3. ^ Vullo R., Buffetaut E., Everhart M.J. (2012). "Reappraisal of Gwawinapterus beardi from the Late Cretaceous of Canada: a saurodontid fish, not a pterosaur". Journal of Vertebrate Paleontology. 32 (5): 1198–1201. doi:10.1080/02724634.2012.681078.CS1 maint: Multiple names: authors list (link)
  4. ^ Lü J., Fucha X. (2010). "A new pterosaur (Pterosauria) from Middle Jurassic Tiaojishan Formation of western Liaoning, China". Global Geology. Z1: 113–118.
  5. ^ David M. Martill & Steve Etches (2012). "A new monofenestratan pterosaur from the Kimmeridge Clay Formation (Upper Jurassic, Kimmeridgian) of Dorset, England". Acta Palaeontologica Polonica. in press. doi:10.4202/app.2011.0071.

Alamodactylus is an extinct genus of non-pteranodontoid pteranodontian known from the Late Cretaceous of Texas, southern United States. It contains a single species, Alamodactylus byrdi.


Anurognathus is a genus of small pterosaur that lived during the late Jurassic Period (Tithonian stage). Anurognathus was first named and described by Ludwig Döderlein in 1923. The type species is Anurognathus ammoni. The genus name Anurognathus is derived from the Greek αν/an- ("without"), оυρα/oura ("tail"), and γναθος/gnathos ("jaw") in reference to its unusually small tail relative to other "rhamphorhynchoid" (i.e. basal) pterosaurs. The specific name ammoni honours the Bavarian geologist Ludwig von Ammon, from whose collection Döderlein had acquired the fossil in 1922.


Archaeoistiodactylus is an extinct genus of pterosaur from the Middle Jurassic of China.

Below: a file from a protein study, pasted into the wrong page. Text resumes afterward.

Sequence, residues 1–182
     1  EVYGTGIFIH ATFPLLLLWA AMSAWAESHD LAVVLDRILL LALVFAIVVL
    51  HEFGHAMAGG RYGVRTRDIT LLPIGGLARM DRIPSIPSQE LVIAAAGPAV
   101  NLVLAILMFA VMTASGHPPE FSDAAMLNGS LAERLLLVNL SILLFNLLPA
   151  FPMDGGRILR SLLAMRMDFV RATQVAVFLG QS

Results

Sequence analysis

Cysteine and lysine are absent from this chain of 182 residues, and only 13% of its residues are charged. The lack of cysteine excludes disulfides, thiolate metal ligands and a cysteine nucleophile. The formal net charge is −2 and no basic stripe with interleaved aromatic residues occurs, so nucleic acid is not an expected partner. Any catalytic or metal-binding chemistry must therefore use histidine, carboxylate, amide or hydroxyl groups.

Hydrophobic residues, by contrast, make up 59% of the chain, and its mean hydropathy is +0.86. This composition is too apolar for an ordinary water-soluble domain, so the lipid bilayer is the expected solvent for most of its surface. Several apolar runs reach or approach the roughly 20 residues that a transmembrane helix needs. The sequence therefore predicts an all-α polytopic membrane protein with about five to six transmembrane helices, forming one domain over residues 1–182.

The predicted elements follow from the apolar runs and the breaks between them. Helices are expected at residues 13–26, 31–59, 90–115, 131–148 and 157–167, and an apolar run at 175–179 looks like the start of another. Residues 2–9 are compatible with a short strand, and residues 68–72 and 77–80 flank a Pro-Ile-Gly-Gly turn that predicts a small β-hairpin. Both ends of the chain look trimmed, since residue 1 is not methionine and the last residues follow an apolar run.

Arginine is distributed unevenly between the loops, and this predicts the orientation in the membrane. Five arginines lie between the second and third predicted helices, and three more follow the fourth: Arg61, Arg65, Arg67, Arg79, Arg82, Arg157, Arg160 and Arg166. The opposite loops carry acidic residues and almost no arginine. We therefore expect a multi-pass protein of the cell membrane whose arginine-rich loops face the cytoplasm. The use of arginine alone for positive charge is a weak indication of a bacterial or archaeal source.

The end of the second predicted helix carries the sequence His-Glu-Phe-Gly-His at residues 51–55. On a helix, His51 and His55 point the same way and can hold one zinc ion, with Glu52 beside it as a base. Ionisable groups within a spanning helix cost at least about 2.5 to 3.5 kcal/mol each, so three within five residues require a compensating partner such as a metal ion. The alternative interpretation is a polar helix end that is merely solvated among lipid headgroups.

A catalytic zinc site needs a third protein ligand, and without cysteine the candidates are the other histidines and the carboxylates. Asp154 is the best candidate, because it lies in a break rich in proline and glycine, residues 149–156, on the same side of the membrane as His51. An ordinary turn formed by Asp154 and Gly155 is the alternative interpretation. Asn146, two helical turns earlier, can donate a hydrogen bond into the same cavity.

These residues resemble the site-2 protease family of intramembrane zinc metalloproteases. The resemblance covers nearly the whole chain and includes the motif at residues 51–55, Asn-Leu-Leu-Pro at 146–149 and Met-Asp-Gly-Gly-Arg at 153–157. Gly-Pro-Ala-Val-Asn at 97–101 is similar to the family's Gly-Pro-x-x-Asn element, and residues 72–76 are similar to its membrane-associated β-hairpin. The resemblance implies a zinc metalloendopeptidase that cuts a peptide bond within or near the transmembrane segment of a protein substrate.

The Barremian is an age in the geologic timescale (or a chronostratigraphic stage) between 129.4 ± 1.5 Ma (million years ago) and 125.0 ± 1.0 Ma). It is a subdivision of the Early Cretaceous epoch (or Lower Cretaceous series). It is preceded by the Hauterivian and followed by the Aptian stage.


Cuspicephalus is an extinct genus of monofenestratan pterosaur known from Dorset in England.


Guidraco (Chin. gui (鬼) "malicious ghost" + Lat. draco "dragon") is an extinct genus of toothed pterodactyloid pterosaur known from the Early Cretaceous of Liaoning Province, northeast China.


Gwawinapterus is a genus of Mesozoic fish known from a single fossil specimen, representing the single species Gwawinapterus beardi, from the late Cretaceous period of British Columbia, Canada. While initially described as a very late-surviving member of the pterosaur (flying reptile) group Istiodactylidae, further examination has cast doubt on the identification of the specimen as a pterosaur, and research published in 2012 identified the remains as having come from a saurodontid fish.